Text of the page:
Creating a comprehensive estate plan is one of the best gifts you can give to yourself and to your loved ones; however, do not make the mistake of simply forgetting about it because an estate plan is something that needs to be reviewed and revised throughout the course of your lifetime for it to work as intended. In fact, having an outdated estate plan in place when you die, or become incapacitated, can be worse than not having a plan at all. The Bellevue estate planning attorneys at Legacy Estate Planning, LLC talk about when you should review your existing estate plan.
An Outdated Estate Plan Is Problematic
Imagine that you had not updated your Last Will and Testament for many years at the time of your death. Since you executed your Will, you got divorced and one of your children developed a bad substance abuse addiction. Because you failed to update your Will, your ex-spouse is named as Executor of your estate (meaning he/she oversees your estate administration) and your valuable estate is being split evenly between your two children, including the child with the addiction problem. That large inheritance left to your child will undoubtedly be squandered in record time. Likewise, if you are suddenly incapacitated and your ex-spouse is still your Agent under a healthcare power of attorney, he/she will be responsible for making medical treatment decisions for you. These are just a few scenarios that illustrate the need to review your existing estate plan.
When Should You Review Your Estate Plan?
Most estate planning attorneys suggest a routine review of your estate plan every three to five years during your 20s, 30s, and 40s. During these decades, both your family and your estate are likely to encounter the most growth. During your 50s, you should review your plan at least once to ensure that you make any necessary changes or adjustments as you near retirement age. Once you enter your retirement years, a routine review of your estate plan should occur every five to eight years just to make sure everything remains current.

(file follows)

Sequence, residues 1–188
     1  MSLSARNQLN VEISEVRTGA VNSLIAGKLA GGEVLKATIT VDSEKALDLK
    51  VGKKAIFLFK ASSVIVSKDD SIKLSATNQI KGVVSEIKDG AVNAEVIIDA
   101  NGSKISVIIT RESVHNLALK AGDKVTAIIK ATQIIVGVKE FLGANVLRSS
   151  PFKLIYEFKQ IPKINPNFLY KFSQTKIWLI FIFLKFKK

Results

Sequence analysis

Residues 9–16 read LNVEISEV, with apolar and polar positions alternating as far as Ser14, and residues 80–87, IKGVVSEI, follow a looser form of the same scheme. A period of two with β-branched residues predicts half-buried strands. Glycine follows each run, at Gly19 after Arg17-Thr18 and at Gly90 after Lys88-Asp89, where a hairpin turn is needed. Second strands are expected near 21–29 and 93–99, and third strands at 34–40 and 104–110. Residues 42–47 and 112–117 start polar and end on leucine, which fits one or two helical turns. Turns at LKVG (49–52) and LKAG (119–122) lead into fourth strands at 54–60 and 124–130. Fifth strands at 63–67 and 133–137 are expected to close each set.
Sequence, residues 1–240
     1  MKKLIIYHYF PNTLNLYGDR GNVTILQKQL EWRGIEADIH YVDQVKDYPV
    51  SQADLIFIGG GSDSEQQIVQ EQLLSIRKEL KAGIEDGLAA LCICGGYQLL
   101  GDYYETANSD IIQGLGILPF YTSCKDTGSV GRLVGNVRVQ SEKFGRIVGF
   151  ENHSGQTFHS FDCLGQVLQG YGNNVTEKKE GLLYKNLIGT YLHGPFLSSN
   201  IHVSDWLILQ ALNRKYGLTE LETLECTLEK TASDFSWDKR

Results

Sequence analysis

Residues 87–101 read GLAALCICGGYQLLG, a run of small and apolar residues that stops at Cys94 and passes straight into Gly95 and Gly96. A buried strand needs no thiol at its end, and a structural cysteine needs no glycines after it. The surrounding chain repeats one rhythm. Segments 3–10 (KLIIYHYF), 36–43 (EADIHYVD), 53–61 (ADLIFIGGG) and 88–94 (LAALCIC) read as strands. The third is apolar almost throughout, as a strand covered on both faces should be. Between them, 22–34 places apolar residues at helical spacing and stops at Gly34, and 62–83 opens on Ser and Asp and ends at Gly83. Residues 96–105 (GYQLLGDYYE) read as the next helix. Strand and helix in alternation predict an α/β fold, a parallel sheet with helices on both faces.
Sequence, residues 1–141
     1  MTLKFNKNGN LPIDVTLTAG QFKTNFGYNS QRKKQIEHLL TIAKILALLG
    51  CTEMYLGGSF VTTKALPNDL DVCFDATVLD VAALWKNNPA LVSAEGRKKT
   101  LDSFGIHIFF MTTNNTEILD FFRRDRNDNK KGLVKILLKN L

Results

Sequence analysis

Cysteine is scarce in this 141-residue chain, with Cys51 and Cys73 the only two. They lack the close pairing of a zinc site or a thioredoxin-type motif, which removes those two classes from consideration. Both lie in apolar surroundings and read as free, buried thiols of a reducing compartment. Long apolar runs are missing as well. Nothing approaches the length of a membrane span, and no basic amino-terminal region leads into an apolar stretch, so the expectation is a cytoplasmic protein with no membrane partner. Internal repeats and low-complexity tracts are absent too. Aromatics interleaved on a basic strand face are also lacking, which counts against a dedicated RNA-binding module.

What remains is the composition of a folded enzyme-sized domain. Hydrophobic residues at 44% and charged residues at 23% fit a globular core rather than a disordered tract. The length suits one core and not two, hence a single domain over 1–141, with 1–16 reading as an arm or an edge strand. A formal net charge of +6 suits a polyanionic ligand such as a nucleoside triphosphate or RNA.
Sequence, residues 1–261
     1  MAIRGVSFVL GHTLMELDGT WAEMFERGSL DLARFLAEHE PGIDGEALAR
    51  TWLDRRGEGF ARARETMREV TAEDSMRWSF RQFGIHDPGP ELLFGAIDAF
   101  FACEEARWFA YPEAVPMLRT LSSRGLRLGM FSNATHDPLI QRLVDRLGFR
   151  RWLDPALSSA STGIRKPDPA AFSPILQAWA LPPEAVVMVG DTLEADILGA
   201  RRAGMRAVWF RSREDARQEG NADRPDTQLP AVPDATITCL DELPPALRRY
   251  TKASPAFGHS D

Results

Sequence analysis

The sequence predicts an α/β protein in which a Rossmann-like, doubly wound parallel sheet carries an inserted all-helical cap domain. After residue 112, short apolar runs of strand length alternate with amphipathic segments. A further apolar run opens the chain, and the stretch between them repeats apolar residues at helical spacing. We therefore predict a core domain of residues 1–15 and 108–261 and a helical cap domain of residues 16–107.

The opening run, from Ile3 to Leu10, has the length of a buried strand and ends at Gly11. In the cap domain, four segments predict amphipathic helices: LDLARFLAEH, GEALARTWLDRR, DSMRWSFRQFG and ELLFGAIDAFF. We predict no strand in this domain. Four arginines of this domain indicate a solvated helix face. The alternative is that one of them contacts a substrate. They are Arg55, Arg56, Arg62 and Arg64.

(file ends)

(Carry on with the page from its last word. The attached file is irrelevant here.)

When Do I Need to Immediately Review My Estate Plan?
Along with routine reviews of your estate plan, there are several life events that call for an immediate review and revision of your plan, including things such as:
- Marriage and Divorce. Your own marriage or divorce will necessitate changing beneficiary designations within your plan most likely. The marriage of a child is also something that could trigger a review because your son/daughter-in-law could now stand to gain control over the inheritance you plan to leave your child.
- Birth and Death of Beneficiaries or Fiduciaries. The death of anyone who is part of your estate plan, as a beneficiary or fiduciary, is cause to review your plan. The birth of a child or grandchild should also be specifically noted in your plan to ensure your beneficiaries are properly identified.
- Relocation or Retirement to a New State. Because state laws govern many aspects of your estate plan, moving to a new state should call for a consultation with an estate planning attorney in the new state to determine if any changes to your plan are advisable.
- Major Change in Assets. Your estate plan should include provisions that can handle shifting assets; however, a major increase or decrease in the value of your assets, or the acquisition or sale of a major asset (such as your home or business), should give rise to a review of your plan to see how the change impacts your overall plan.
Contact Bellevue Estate Planning Attorneys
For more information, please join us for an upcoming FREE webinar. If you have additional questions or concerns regarding when to review your estate plan contact the experienced Bellevue estate planning attorneys at Legacy Estate Planning, LLC by calling (425) 455-6788 to schedule an appointment.
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